Wii U Review

I’ve owned a Wii U since launch and feel that it’s a great console. But why doesn’t everyone else feel that way? Let’s do a retrospective review and see what the console is like.

The WiiU is a console which is delivering on the dreams of many Nintendo fans but needs some serious updates if it’s to appeal to gamers more broadly and stay in the game for the long haul.

I’ll get the bad stuff out of the way first.

Wii Mode

When Daniel Vuckovic of the excellent Aussie Nintendo site Vooks wrote an article a few months before the release of the WiiU criticising Wii Mode, I didn’t understand what his problem with it was. Frankly, the idea of backwards compatibility with the entire Wii catalogue of games seemed like something to be celebrated, not criticised. Not long after unboxing my shiny black console I came to agree with his article, and had a few more complaints of my own.

Vook is right. A lack of access to Miiverse, which is an awesome feature of the WiiU that can’t really be appreciated until you use it, is one of the key reasons Wii Mode is terrible. A Miiverse community chatting about Zelda: Skyward Sword would be great as I work my way through that game. But it’s also the fact that Wii software isn’t directly loadable from the WiiU main menu. Compare this to the original Wii, with backwards compatability for the GameCube, which could load GC games direct from the Wii menu wothout the need to boot into a whole seperate mode.

It’s also the fact that software purchased through the Wii Shop is only payable in this mode (see below). It’s the fact that many of the quirky Wii Channels that made the Wii fun aren’t available to WiiU owners. It’s the lack of up-resing for WiiU software, something even the Dolphin Wii emulator on PC is able to do. It’s the overwhelming feeling that Wii Mode is redundant, a stop-gap solution until Nintendo can work out how to do it better and stop it being an actual hinderance to accessing the back catalogue of Wii software that makes me dislike Wii Mode so much.

In short, while backwards compatibility with Wii software needs to be retained, Wii Mode needs to go.

The eShop & The Wii Shop

Nobody expected the WiiU eShop to be full of amazing HD, WiiU specific content on the first day. Even the iOS App Store took some time to become the app filled paradise it is today. But the disappointment I felt when I learned content from the Wii Shop (the old digital storefront for the original Wii) wouldn’t be available in the new eShop was palpable.

Instead of WiiU owners being able to buy WiiWare and Virtual Console titles that have been available for years in the Wii Shop, you need to boot into Wii Mode (see above), enter the Wii Shop channel and buy the software there. This software is then only playable in Wii Mode. Like Wii disc software, you can’t launch it straight from the WiiU menu.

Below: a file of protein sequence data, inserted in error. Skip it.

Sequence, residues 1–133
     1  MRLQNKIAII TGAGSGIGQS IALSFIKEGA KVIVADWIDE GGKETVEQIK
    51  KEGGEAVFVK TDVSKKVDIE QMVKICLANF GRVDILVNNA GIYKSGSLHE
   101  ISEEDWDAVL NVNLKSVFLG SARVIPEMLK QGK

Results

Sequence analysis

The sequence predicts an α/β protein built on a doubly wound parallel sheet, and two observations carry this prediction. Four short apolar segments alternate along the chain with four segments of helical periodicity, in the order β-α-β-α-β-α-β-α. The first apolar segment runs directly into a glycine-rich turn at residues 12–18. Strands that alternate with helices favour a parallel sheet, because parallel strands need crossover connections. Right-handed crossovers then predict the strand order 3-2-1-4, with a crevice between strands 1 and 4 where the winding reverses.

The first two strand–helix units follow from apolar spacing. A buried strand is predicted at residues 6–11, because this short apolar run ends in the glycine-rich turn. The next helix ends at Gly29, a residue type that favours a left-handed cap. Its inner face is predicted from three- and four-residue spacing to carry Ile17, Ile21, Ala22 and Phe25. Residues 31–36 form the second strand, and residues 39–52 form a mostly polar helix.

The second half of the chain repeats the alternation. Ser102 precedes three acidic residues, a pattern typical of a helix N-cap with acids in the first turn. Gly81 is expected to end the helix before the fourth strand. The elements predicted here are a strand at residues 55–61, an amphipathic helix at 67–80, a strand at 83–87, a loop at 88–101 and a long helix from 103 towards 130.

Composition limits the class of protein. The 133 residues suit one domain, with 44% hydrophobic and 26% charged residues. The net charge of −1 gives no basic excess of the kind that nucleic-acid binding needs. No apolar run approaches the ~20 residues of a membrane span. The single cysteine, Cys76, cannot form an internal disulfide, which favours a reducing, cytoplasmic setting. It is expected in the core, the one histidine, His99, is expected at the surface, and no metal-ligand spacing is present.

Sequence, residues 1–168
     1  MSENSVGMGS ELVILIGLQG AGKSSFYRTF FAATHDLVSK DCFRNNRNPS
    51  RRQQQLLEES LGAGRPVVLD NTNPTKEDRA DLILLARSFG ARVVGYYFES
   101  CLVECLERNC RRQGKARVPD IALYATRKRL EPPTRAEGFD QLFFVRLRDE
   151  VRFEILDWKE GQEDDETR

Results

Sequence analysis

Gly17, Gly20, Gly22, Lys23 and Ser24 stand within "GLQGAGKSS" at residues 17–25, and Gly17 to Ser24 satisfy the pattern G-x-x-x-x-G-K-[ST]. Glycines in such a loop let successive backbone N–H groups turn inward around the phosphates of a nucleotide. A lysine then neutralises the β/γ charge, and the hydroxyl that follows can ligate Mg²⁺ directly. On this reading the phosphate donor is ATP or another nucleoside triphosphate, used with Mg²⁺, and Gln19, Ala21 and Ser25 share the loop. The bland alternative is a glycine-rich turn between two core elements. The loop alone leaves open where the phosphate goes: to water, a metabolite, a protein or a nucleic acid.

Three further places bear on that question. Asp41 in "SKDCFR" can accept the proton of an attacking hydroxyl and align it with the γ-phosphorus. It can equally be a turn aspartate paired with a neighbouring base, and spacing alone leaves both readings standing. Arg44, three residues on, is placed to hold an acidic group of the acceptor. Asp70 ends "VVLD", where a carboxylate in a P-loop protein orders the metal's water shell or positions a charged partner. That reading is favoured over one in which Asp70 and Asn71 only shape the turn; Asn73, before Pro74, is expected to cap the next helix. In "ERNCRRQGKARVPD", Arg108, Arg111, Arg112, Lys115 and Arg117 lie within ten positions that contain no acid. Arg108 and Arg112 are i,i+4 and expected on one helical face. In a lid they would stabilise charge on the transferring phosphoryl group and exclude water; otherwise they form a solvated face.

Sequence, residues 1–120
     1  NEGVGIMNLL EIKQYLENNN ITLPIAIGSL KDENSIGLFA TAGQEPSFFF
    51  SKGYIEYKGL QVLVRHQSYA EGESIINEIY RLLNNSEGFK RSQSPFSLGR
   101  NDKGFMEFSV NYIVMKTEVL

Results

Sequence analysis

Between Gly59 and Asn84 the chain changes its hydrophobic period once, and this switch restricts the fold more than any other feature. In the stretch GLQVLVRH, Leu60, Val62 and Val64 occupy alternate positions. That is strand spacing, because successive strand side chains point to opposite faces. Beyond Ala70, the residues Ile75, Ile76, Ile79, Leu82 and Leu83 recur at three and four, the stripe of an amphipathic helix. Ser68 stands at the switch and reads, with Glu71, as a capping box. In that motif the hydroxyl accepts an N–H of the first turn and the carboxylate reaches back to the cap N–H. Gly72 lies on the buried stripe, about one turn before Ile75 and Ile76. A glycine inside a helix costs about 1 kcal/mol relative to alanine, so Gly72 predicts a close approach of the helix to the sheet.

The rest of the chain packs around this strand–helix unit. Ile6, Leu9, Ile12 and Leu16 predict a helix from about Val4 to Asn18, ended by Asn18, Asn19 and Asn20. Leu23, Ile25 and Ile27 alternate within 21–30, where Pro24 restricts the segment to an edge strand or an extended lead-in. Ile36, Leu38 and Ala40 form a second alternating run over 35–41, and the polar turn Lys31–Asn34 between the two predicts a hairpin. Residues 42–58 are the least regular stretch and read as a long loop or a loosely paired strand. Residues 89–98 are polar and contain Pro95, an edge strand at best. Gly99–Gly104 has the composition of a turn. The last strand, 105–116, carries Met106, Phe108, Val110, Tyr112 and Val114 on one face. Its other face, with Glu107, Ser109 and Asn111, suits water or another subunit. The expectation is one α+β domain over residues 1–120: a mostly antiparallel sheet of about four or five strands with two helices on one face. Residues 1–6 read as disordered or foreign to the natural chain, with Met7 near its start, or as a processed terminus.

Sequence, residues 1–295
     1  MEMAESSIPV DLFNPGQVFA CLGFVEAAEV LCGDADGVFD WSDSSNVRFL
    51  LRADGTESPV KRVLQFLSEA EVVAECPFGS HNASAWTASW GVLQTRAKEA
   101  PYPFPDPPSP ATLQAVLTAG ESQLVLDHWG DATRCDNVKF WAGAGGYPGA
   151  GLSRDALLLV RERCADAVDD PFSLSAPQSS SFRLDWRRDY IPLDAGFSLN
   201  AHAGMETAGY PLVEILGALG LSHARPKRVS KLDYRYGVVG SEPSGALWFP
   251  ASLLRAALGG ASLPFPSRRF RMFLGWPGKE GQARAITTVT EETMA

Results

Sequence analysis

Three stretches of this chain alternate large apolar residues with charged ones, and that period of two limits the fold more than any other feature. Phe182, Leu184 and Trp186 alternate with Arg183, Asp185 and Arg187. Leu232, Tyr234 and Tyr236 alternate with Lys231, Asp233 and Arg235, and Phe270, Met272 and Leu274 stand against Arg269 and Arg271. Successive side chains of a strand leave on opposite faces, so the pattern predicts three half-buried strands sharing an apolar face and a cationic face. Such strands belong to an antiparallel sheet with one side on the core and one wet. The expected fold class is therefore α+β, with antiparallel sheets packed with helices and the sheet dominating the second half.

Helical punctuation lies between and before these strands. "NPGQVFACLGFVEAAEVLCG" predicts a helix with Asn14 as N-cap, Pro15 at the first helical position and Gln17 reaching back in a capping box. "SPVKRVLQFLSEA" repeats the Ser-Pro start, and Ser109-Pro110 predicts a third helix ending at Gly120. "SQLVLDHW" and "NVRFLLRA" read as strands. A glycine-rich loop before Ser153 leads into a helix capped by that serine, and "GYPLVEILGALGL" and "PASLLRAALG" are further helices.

Imagine if you’d been able to play SNES, Megadrive, NEO-GEO and NES Virtual console games on your WiiU Gamepad, in bed or on the toilet. But you can’t. It’s wasted potential.

The Wii eShop is facing criticisms for not having enough content. This could have been easily mitigated by Nintendo if they’d merged Wii Shop content with the WiiU eShop. I’m not sure why they didn’t do it. It seems like a no brainer.

WiiU Virtual Console

Put simply, there is none. It’s widely assumed that Nintendo will eventually make Gamecube games available through the WiiU eShop, but the fact I can’t go and purchase those games now is beyond comprehension. What’s the delay?

Menu Load Times

This has been canvassed by many other sites and blogs. Simply put, switching between menus in the WiiU is a lengthy process, sometimes taking 15 to 30 seconds. For a system that’s so powerful and has so much RAM, it boggles the mind to think of what the WiiU could be doing. Stopping for a coffee and a danish?

TVii in Australia

Simply put, we don’t have TVii in Australia. And as far as I’m aware, we haven’t been told that we ever will. A shame given those countries currently enjoying it are calling it a killer app.

This is, of course, a long standing problem for Australian consumers. While the US enjoys the likes of Hulu and Netflix streaming for free and a la carte, we’re geo-blocked from accessing content rich sites like these. But there’s got to be a work around. How about letting us access catch-up services like ABC iView, SBS On Demand, nineMSN Video or Channel 10 On Demand through TVii? Hopefully the boffins at Nintendo are thinking along similar lines.

The Fingerprint Magnet

Why did Nintendo think shiny black plastic was preferable to a matte finish? I’m imagining it was to keep costs down, but I’d gladly have payed a little extra to stop my WiiU from being constantly smudged by fingerprints. This is a real case of #firstworldproblems, I know, but it’s a problem nonetheless.

The WiiU Pro Controller